Provider News

Updates on Hospital Capacity, Masking Guidance and More

October 4, 2023

Emergency Department capacity

The Emergency Department (ED) has been experiencing high volumes and significant evening surges since the start of the school year. We continue to see many patients presenting for mental health assessment and are still requiring a significant number of those patients to wait more than 24 hours for the next step in care (inpatient bed, transfer or discharge). To handle the high demand, staff and procedures are in place; please do not hesitate to send patients to the ED when you have emergent concerns.

See our Emergency or Urgent Care Referral Guide for assistance.

Masking and visitor policies

Currently we recommend but do not require that patients, families and visitors wear a mask when visiting our facilities. Workforce members are required to wear hospital-issued masks or higher-level masks for all clinical encounters and are recommended to wear masks in other work locations.

Masking and other policy changes that were anticipated to go into effect at Seattle Children’s on October 2nd were postponed. However, updates are likely in the near future as we monitor COVID-19 trends in partnership with other hospitals in the area.

Seattle Children’s masking and visitor policies are set in accordance with the standards adopted by the Northwest Healthcare Response Network that call for universal masking in hospitals and ambulatory clinics when either of the following thresholds is reached:

  • Emergency department visits in the relevant county reach designated thresholds for influenza, respiratory syncytial virus (RSV) or COVID-19
  • CDC COVID-19 new hospital admissions levels reach “medium” in the relevant county (g., King, Snohomish, Pierce).

For more information, visit the NWHRN site.

Seattle Children’s now providing influenza vaccinations to patients

Seattle Children’s is providing influenza vaccinations to patients in the inpatient and ambulatory settings, including the Emergency Department, Urgent Care, surgical areas at the hospital campus and Odessa Brown Children’s Clinic (OBCC). Patients will be screened for eligibility. All vaccinations given to patients are documented in the Child Profile Immunization Registry.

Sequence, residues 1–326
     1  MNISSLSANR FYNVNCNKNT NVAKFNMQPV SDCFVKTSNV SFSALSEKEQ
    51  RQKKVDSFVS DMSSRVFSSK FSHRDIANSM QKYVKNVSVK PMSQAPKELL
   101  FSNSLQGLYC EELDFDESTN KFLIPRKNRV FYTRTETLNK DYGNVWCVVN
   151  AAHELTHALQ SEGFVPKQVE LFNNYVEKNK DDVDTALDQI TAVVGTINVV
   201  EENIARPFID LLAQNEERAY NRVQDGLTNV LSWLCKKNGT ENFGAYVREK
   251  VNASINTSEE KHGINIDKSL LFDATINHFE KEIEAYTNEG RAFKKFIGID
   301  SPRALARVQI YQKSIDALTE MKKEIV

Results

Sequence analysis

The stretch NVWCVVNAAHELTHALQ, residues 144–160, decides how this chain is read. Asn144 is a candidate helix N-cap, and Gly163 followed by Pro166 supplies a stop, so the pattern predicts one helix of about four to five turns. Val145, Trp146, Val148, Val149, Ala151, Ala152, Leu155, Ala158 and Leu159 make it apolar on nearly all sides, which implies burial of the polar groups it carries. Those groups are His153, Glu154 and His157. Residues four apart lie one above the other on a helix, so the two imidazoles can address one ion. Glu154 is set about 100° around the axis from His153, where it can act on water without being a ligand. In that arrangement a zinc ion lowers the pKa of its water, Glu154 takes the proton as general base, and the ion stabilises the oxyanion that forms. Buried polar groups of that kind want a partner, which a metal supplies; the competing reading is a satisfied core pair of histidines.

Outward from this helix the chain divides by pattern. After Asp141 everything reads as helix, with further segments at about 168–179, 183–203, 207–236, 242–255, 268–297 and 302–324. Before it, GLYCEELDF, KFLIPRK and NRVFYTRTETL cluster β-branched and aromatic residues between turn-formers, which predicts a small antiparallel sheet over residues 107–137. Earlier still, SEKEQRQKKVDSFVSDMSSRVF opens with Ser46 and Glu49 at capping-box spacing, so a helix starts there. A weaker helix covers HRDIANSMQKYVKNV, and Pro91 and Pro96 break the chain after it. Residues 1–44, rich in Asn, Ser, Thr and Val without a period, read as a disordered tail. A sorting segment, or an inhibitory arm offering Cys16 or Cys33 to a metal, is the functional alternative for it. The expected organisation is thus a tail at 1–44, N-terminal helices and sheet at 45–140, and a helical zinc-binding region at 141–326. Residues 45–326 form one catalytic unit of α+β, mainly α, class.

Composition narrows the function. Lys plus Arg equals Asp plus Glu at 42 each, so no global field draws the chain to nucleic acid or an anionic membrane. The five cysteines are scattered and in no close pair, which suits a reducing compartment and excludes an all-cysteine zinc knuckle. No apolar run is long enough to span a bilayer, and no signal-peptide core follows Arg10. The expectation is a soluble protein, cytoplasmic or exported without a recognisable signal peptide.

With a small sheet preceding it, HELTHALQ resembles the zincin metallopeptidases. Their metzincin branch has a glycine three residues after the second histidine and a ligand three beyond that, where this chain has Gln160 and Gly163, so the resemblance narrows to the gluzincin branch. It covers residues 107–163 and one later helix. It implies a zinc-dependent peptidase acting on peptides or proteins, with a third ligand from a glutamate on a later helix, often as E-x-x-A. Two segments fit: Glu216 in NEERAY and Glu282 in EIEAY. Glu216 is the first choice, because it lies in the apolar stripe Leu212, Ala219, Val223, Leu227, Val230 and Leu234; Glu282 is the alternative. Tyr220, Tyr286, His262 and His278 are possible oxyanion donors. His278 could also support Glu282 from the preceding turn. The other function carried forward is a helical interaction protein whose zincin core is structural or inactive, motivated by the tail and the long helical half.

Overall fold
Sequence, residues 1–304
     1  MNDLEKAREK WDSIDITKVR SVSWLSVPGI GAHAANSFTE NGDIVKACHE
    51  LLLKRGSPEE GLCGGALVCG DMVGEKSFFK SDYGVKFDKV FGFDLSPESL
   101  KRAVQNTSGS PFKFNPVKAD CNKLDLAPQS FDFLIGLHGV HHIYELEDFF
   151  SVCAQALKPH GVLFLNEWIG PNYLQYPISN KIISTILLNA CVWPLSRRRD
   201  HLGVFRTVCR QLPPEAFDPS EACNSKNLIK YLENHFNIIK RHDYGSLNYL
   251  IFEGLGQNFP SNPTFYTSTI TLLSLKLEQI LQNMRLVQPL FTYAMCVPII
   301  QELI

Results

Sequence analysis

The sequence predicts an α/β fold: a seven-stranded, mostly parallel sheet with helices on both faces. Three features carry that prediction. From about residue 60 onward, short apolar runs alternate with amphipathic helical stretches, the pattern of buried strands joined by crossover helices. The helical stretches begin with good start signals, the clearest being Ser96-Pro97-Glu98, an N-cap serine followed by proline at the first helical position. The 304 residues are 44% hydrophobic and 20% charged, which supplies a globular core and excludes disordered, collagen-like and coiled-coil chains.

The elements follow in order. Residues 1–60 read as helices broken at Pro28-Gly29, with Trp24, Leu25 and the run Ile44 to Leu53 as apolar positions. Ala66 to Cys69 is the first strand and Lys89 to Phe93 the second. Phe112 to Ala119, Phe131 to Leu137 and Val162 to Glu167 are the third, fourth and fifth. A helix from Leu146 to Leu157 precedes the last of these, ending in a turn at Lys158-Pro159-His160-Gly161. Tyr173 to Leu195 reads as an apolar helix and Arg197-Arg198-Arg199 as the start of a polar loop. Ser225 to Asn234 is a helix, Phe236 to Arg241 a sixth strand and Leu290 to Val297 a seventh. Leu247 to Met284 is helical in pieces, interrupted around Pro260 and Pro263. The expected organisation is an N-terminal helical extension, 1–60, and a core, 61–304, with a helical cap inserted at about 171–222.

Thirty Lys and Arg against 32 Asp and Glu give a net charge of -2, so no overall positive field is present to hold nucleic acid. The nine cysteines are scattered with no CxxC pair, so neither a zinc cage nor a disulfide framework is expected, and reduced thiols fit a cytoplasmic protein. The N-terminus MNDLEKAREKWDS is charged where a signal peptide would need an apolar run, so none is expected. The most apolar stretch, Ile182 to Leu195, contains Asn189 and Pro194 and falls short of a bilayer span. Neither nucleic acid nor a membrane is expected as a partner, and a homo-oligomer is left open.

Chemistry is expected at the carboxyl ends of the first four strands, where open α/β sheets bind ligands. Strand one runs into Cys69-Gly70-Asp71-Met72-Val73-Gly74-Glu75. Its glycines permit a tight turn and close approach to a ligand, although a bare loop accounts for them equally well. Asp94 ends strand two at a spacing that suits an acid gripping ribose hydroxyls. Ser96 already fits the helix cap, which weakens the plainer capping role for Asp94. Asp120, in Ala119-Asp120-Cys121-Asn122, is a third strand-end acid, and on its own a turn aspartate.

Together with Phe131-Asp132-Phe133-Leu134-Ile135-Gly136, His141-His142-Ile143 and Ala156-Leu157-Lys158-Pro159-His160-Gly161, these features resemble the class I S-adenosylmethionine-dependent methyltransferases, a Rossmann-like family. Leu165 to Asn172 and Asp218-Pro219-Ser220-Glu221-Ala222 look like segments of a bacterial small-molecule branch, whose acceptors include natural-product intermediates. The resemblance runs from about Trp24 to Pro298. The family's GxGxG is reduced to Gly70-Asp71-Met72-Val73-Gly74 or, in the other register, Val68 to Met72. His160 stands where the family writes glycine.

We will provide flu shot vouchers to patients’ family members and household contacts ages 3 and older during patient visits and stays that can be used at Albertsons-owned pharmacies (includes Acme, Albertsons, Carrs, Haggen, Safeway and others), Bartell Drugs and Rite Aid in Alaska, Idaho, Montana and Washington state with no out-of-pocket costs. (The participating pharmacies will bill family members’ insurance, if available, and charge any remaining balance to Children’s).

Family members can also download the flu voucher in multiple languages from  Family members and household contacts 6 months to 35 months old will need to get their flu vaccine at their primary care provider’s office.

Seattle Children’s efforts to vaccinate patients are in accordance with recommendations from the Centers for Disease Control and Prevention to increase access to the vaccine in healthcare settings.

For questions about flu vaccinations at Children’s, email infectious diseases specialist Dr. Yasaman Fatemi at

RSV management with nirsevimab

Nirsevimab, a long-acting monoclonal antibody, is recommended by the American Academy of Pediatrics (AAP) for all infants to protect against severe disease caused by respiratory syncytial virus (RSV). Seattle Children’s has approved nirsevimab for use in the inpatient setting only at this time. We will share information about outpatient availability as soon we know more.

In preparation for the RSV season, the Pediatric Pandemic Network (PPN) has created a comprehensive resource guide for RSV management with nirsevimab. These resources include FAQs for providers, surveillance tools and resources for parents.

For more information:

Pediatric Pandemic Network offers vital resources in anticipation of the fall and winter respiratory disease season

To help providers prepare for the high levels of respiratory disease and hospitalizations that are expected in the coming months, the PPN has curated a list of resources:

The PPN was created to address gaps in the pediatric healthcare system that were exposed and exacerbated by the COVID-19 pandemic, so that we are better prepared for future emergencies, disasters and global health threats. The PPN’s network of children’s hospitals — including Seattle Children’s — serve as regional hubs to improve care for all children in collaboration with regional and national programs, community organizations, academic institutions and individual experts. To learn more about PPN, visit

Chemotherapy drug supply

  • Two additional national chemotherapy shortages have been announced (vinblastine and dacarbazine), in addition to ongoing shortages of common pediatric cancer drugs carboplatin, methotrexate and cisplatin.
  • We continue to monitor our supply closely and work with our distributors to ensure we have adequate quantities, including methotrexate.
  • We are coordinating our efforts regionally and nationally to look for long-term solutions to ongoing medication shortages that impact patient care.